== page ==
What type of tourism should Tasmania have?
True tourism is when the visitor experiences the life and the environment of the locals. In essence they blend in and absorb. There is another type of tourism which has become very prevalent and could be called “manufactured” tourism. This is when visitors in large numbers arrive only briefly and then leave our shores really not experiencing the real Tasmania.
Tourists of this manufactured kind can over stay their welcome. This is currently being seen in Europe where places like Venice (Italy) reveal that the residents have had enough because of their lives being dramatically altered. This type of ugly tourism can make the natives feel like living in a zoo.
The proposed Cambria Green resort project is one of these manufactured tourist schemes, which do not entirely benefit the locals changing their lifestyle. It certainly will benefit the big end of town and for governments, State and local who then can boast of growth figures, even though the economic positiveness is not passed down to the general population.
The original Cambria is of great historic significance to Tasmania and perhaps more can be made of this for Tasmanians and visitors alike. It was the home of George Meredith with Cambria being the ancient name for Wales. It was known as “Government House” with a procession of Governors and their wives staying there. At one time son Charles (who was to come a politician and there is a memorial to him on the Queen’s Domain) and wife Louisa Anne lived on the property. Louisa was an outstanding observer of colonial life and society. Described by historian Douglas Pike as a “poet in feeling” she was much more than a writer, but also an artist, naturalist and botanist who achieved international fame. She wrote of Cambria: “commands an extensive view of large tracts of bush and cultivated land and across from Head of Oyster Bay of the Schoutens.”
Now it is to be a golf course, 100 room five star hotel (where locals cannot afford to stay), 300 units and an airstrip. While the developer said the historical aspects of the property will be maintained, one wonders how will this be achieved.
To be truthful it will only be a playground for those overseas visitors who can afford it. They will fly in (own airstrip) enjoy the manufactured surroundings, then fly out….what have they really seen or experienced of the true Tasmania? Little.
I have said it before and I will say it again, Tasmania’s attraction is being Tasmania; in other words, being unique. Our lifestyle, our small population, our history, the scenery, quality of product, our distinctiveness is what attracts people to our beautiful island. We can boom with proper visitations, but these “playgrounds” will only destroy our lifestyle.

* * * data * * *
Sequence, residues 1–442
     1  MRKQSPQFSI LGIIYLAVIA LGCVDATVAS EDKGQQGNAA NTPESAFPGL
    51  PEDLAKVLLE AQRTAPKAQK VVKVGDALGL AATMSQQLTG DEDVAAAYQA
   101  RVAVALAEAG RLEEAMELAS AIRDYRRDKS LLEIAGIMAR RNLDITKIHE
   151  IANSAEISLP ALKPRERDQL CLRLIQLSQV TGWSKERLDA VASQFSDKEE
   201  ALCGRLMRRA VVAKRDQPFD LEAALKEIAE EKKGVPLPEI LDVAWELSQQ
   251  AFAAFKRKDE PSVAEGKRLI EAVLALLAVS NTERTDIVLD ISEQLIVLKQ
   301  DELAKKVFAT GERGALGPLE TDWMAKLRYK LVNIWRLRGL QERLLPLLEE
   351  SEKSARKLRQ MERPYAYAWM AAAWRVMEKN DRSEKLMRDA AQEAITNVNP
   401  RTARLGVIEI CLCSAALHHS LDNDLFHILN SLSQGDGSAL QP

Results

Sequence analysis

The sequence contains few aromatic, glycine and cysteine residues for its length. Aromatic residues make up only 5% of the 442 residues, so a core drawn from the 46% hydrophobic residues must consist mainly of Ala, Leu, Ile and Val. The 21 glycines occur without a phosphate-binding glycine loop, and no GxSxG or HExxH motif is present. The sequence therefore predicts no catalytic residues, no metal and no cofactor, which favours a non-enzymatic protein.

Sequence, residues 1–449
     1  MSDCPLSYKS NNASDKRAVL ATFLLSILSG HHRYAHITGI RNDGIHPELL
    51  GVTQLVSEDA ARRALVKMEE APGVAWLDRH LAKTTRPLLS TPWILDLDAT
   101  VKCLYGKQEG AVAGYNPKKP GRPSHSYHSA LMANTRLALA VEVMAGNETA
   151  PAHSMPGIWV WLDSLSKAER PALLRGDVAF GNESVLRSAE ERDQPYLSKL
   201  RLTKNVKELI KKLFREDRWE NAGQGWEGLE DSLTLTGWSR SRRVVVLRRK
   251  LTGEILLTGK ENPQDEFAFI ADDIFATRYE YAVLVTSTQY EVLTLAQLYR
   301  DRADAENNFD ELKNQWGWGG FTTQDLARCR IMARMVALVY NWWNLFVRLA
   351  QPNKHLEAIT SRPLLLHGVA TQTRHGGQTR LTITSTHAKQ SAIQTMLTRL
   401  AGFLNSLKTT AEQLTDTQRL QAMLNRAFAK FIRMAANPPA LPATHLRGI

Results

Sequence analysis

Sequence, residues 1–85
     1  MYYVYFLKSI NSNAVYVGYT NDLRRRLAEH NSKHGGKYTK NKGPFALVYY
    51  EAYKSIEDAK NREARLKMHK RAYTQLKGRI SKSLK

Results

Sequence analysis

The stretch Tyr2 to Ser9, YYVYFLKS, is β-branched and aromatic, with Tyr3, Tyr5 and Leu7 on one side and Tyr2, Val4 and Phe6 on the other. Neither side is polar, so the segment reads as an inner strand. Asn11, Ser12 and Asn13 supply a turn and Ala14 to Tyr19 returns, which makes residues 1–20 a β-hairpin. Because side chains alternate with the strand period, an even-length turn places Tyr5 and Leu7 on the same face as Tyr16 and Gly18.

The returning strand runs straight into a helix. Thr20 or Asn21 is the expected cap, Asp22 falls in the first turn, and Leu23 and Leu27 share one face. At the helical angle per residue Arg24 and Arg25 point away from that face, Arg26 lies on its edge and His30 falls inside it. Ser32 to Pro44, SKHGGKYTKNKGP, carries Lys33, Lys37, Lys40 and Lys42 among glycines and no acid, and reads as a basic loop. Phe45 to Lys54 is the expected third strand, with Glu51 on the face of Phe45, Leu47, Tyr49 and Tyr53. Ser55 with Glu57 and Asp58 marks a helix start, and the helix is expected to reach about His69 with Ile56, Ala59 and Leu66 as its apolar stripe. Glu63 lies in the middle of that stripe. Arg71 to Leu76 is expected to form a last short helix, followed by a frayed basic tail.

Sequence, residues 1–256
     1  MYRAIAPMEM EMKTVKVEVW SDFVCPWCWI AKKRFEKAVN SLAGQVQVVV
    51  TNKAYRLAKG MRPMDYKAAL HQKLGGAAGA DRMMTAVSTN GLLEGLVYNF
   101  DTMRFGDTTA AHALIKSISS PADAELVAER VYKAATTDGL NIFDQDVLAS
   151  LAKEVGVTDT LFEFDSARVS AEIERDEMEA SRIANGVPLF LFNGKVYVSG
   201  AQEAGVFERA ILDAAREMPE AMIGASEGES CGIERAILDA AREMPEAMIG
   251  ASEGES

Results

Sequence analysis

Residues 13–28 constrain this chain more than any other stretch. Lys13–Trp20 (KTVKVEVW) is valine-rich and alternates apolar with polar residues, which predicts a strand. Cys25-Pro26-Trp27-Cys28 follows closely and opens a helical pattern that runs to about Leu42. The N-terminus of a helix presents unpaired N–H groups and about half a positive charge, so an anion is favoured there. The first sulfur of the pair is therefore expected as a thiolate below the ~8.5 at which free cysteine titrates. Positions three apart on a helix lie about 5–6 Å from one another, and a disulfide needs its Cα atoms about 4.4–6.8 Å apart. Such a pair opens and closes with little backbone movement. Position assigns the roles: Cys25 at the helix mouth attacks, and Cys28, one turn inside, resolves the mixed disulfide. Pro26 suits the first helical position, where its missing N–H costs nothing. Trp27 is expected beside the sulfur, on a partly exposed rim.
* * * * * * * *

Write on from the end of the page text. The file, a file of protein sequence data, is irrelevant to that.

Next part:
I repeat, the true experience of tourists should be to experience the REAL Tasmania. As an example of this, some years ago I was employed to take a day trip of visitors from New Jersey in a mini bus. The itinerary was ridiculous. Picking them up from the boat, I first took them up Mount Wellington, then to Salmon Ponds, then to National Park, then to Richmond and the finally back to the departing vessel. All within a few hours. They were totally exhausted and some of the elderly ones complained – and quite frankly I did not blame them. I thought the whole thing embarrassing. Did they see the real Tasmania? No.
It is pleasing that many community groups have taken the time to protest against the Cambria development with similar developments going on throughout Tasmania. The problem is of course in such circumstances, whole areas are changed dramatically and forever and after the damage, the developer moves on to another project and does likewise.
Do we need development? Of course, we can’t stay in a time warp – but we can have good and controlled development. Can we have a successful tourist industry which is welcomed by the locals and not abhorred? Of course, but not this ugly and stressful input.
On many occasions the local are treated like second class citizens because of the perceived need to attract huge numbers of visitors. As another example, when booking into a Tamar resort I also booked a seat for dinner in the dining room. In the meantime, two large tourist buses arrived and because so, I was delegated to the bar. In the morning hoping for a fine breakfast I found that the tourists had already come and gone, leaving little left; it was like a horde of locusts had descended on everything. Leaving the premises to return home, I, stopping at a dining premises down the Mainland, was refused entry because a tourist bus had come and there was no room. This type of thing can only build resentment from locals.
The developer has stated that those who will be staying at Cambria will be people from China and finance will be coming from both China and the USA. To be quite frank I am tired of our politicians who are prepared to sell our real estate out to the highest and short term buyer. To those who may charge me with “racism” let me say, the Cambria development in its present form from any nationality would be opposed by me.
The fact is that such a massive development with change the attractiveness of the area. It is true I do not live in Glamorgan, although I am a member of the local history society and and my family, the Watsons, were colonial settlers. However, the east coast is also the playground of all Tasmanians and quite frankly, we do not like our State exploited.